Posted By David Brousell, December 15, 2012 at 3:18 PM, in Category: Industrial Policy
Once again, the nation mourns the victims of a mass killing at the hands of a gunman with powerful weapons. Once again, we search for answers and solutions to prevent another such tragedy. And, once again, we are gripped by a sense of futility and powerlessness.
Why such a sense? Because we already know the answer to the problem, but haven’t taken action. We already know that weapons such as the semi-automatic guns used in Connecticut, as well as even more deadly assault weapons, are too easy to get. We already know that we live in a national culture of violence that’s becoming increasingly poisonous, with images of killing and barbarity flooding our televisions and electronic devices nearly every hour of the day. We already know that our so-called political leaders, who are quick to offer platitudes after each tragedy, won’t take what President Obama called “meaningful action” to stop the killing.
And we already know that the public at large—overfed, over-caffeinated, and increasingly digitally addicted and distracted—not only can’t be counted on to address the problem, but is, as a consequence of its inability to either understand or focus on the issue, part of the problem itself.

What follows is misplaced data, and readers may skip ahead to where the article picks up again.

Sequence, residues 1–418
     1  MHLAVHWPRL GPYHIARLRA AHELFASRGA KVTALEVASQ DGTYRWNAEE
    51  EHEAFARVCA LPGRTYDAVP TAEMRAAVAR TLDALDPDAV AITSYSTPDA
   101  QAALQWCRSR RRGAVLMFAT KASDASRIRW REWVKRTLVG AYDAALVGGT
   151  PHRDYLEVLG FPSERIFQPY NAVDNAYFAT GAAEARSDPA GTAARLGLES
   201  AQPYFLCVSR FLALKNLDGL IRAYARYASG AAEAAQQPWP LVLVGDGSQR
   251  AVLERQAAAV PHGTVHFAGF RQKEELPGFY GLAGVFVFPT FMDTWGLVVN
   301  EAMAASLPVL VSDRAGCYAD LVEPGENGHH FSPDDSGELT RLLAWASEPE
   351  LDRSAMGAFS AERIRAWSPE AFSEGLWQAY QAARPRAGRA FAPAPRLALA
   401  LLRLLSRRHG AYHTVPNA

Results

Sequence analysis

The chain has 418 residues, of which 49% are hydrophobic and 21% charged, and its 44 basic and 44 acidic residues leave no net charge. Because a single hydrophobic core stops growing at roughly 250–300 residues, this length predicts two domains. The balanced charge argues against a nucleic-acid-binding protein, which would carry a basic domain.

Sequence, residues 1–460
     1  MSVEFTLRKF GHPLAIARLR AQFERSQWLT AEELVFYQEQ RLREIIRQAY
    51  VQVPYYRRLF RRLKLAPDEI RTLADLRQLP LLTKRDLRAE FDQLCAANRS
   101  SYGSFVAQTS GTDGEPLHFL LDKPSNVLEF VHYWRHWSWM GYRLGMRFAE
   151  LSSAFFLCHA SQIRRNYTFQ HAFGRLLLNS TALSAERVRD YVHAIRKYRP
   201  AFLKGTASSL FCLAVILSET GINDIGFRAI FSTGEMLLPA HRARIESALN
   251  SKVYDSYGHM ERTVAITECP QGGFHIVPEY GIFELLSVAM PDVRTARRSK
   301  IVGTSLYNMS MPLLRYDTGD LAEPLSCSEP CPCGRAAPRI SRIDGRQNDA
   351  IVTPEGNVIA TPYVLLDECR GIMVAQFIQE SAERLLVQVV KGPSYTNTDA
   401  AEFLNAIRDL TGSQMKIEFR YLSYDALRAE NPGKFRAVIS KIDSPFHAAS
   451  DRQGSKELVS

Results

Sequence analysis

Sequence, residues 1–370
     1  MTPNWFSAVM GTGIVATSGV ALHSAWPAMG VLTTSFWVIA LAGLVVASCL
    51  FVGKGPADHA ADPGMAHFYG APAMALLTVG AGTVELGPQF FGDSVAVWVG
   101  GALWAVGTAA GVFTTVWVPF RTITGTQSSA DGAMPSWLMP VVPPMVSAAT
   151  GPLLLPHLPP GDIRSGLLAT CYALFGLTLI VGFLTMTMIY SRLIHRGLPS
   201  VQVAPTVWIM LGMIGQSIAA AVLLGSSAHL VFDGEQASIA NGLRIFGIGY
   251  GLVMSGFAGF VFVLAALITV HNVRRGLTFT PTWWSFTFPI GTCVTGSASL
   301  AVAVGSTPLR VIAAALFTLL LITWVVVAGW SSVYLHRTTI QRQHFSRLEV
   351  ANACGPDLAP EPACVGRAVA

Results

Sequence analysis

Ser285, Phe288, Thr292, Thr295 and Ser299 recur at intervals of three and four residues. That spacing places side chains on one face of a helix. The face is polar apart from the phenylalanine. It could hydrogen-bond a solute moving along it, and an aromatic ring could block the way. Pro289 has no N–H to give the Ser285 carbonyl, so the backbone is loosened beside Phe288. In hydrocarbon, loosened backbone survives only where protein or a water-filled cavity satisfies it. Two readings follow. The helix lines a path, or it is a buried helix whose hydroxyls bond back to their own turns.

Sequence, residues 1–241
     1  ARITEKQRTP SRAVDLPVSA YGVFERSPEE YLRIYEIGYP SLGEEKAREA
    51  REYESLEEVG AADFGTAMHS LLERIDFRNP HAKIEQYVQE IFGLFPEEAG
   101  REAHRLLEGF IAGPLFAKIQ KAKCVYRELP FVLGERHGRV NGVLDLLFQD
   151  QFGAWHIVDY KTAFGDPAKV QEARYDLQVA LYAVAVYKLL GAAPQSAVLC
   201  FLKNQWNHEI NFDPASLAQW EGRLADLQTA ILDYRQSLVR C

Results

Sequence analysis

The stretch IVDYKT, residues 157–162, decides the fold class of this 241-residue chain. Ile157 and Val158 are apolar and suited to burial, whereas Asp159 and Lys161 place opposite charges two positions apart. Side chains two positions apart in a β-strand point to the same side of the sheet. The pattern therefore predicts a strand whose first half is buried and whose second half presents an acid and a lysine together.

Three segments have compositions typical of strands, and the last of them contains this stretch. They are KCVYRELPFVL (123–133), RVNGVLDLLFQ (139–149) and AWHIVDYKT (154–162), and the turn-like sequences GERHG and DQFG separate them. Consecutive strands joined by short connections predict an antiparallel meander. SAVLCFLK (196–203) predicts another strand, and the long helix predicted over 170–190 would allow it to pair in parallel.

But what happened at the Sandy Hook Elementary School in Newtown, CT, to 20 children between the ages of five and 10 is the limit for me. We can’t take any more opinion polls, talk about the need for more mental health services to interdict potential killers, or wait for spineless politicians to pass yet another porous piece of legislation.
It’s time for the industry that makes these weapons—the manufacturing industry—to take the lead and stop the madness. Manufacturers from every sector of the industry, led by the gunmakers themselves, should come together and devise tough rules on the availability ofsemi-automatic handguns and rifles, and other assault weapons. The industry should create breakthrough legislation to control the availability problem once and for all, and deliver it to Congress and the President.
If our national political leaders won’t act, the manufacturing industry should. It is the right thing to do
Written by David Brousell
Global Vice President, General Manager and Editorial Director of the Manufacturing Leadership Council